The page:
The Oxford Handbook of Early Modern English Literature and Religion

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Andrew Hiscock, Helen Wilcox
Oxford University Press, 22 cze 2017 - 720
This pioneering Handbook offers a comprehensive consideration of the dynamic relationship between English literature and religion in the early modern period. The sixteenth and seventeenth centuries were the most turbulent times in the history of the British church - and, perhaps as a result, produced some of the greatest devotional poetry, sermons, polemics, and epics of literature in English. The early-modern interaction of rhetoric and faith is addressed in thirty-nine chapters of original research, divided into five sections. The first analyses the changes within the church from the Reformation to the establishment of the Church of England, the phenomenon of puritanism and the rise of non-conformity. The second section discusses ten genres in which faith was explored, including poetry, prophecy, drama, sermons, satire, and autobiographical writings. The middle section focuses on selected individual authors, among them Thomas More, Christopher Marlowe, John Donne, Lucy Hutchinson, and John Milton. Since authors never write in isolation, the fourth section examines a range of communities in which writers interpreted their faith: lay and religious households, sectarian groups including the Quakers, clusters of religious exiles, Jewish and Islamic communities, and those who settled in the new world. Finally, the fifth section considers some key topics and debates in early modern religious literature, ranging from ideas of authority and the relationship of body and soul, to death, judgment, and eternity. The Handbook is framed by a succinct introduction, a chronology of religious and literary landmarks, a guide for new researchers in this field, and a full bibliography of primary and secondary texts relating to early modern English literature and religion.

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Spis treści

Part II Literary Genres for the Expression of Faith
Part III Religion and the Early Modern Writer
Part IV Interpretative Communities
Debates and Issues
Resources A Beginners Guide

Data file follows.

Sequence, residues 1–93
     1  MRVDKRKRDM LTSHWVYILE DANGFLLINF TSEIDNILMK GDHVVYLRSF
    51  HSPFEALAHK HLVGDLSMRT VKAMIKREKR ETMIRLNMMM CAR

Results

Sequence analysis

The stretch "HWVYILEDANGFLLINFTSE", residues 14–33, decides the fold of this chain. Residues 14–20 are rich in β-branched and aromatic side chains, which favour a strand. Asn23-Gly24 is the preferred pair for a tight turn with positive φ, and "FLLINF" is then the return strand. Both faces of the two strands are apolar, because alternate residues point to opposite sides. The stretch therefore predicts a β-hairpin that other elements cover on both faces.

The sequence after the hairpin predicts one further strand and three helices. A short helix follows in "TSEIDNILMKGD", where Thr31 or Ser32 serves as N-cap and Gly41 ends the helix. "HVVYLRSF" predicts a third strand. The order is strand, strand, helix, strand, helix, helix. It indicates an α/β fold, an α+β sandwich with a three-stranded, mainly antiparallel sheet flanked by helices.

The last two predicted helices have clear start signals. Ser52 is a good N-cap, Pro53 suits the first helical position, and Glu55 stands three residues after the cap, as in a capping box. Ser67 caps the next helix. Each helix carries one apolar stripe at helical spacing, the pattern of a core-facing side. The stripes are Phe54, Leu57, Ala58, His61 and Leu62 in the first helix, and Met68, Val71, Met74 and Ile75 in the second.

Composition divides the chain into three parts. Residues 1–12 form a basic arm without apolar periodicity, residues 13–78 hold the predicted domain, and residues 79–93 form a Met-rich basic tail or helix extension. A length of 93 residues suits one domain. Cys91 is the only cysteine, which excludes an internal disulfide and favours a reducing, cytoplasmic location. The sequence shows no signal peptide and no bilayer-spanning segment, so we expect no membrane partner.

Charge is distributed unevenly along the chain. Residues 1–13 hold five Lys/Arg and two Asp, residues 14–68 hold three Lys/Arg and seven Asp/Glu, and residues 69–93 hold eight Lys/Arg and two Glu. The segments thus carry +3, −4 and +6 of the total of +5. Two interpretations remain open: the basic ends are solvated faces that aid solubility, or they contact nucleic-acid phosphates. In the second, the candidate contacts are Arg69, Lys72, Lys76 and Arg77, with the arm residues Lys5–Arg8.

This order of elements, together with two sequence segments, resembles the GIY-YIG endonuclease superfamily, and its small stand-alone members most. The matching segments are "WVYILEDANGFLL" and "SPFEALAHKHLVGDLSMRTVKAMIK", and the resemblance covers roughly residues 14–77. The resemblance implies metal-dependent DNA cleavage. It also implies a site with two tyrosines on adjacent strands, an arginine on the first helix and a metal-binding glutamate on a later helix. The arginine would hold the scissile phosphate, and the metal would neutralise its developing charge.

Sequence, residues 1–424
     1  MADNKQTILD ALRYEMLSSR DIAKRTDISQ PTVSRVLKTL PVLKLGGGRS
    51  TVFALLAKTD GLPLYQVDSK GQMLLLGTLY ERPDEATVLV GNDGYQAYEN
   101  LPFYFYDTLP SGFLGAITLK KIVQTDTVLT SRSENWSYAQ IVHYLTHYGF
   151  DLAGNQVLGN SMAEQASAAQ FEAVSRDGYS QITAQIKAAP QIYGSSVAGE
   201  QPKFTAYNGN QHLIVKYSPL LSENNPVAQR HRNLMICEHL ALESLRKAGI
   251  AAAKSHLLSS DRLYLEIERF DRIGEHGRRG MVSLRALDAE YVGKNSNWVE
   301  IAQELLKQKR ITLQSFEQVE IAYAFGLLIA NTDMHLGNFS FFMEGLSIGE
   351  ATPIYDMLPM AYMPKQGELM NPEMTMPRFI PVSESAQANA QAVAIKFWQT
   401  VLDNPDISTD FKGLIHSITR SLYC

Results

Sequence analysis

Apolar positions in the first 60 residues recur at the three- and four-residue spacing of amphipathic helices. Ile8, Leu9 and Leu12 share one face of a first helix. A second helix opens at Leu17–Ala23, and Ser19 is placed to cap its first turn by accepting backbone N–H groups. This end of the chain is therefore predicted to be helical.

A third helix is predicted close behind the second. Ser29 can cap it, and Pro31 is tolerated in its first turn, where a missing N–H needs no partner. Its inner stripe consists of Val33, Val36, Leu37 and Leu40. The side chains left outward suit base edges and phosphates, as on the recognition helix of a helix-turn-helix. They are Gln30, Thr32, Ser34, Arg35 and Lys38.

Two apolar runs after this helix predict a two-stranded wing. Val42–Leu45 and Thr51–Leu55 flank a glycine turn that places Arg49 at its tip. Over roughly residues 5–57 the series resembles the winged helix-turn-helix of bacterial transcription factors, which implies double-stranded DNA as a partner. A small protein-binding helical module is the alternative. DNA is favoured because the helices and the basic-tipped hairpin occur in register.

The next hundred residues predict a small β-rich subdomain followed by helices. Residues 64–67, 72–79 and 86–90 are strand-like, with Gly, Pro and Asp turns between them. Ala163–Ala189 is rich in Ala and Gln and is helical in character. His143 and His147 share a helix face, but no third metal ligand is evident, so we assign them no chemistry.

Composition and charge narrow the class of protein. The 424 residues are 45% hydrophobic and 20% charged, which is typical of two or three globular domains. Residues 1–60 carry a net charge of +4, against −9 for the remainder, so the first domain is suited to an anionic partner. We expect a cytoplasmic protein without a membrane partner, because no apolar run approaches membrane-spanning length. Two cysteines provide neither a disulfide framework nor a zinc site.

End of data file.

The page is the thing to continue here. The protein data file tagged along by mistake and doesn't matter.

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Informacje o autorze (2017)

Andrew Hiscock is Professor of English Literature at Bangor University. He has published widely on English and French early modern literature. He is a Trustee of the Modern Humanities Research Association and a Fellow of the English Association. He is English literature editor of the journal MLR, series editor of The Yearbook of English Studies and series co-editor of Arden Early Modern Drama Guides. He is a former AHRC research fellow and is a Marie Sklowdowska-Curie Research Fellow at the Research Institute for the Renaissance, the Neo-Classical Age and the Enlightement at Montpellier 3 University. His most recent monograph is entitled Reading Memory in Early Modern Literature. Helen Wilcox is Professor of English Literature at Bangor University. She has published extensively on early modern English literature, particularly devotional poetry, women's writing, Shakespeare, early autobiography, and the relationships between literature and religion, music, and the visual arts. Her publications include Her Own Life: Autobiographical Writings by Seventeenth-Century Englishwomen (Routledge, 1989), the acclaimed annotated edition of The English Poems of George Herbert (Cambridge, 2007) and 1611: Authority, Gender and the Word in Early Modern England (Wiley-Blackwell, 2014). She has been a visiting professor in Singapore, Spain, and the USA., and is a Fellow of the Royal Society of Literature, the English Association, and the Learned Society of Wales.

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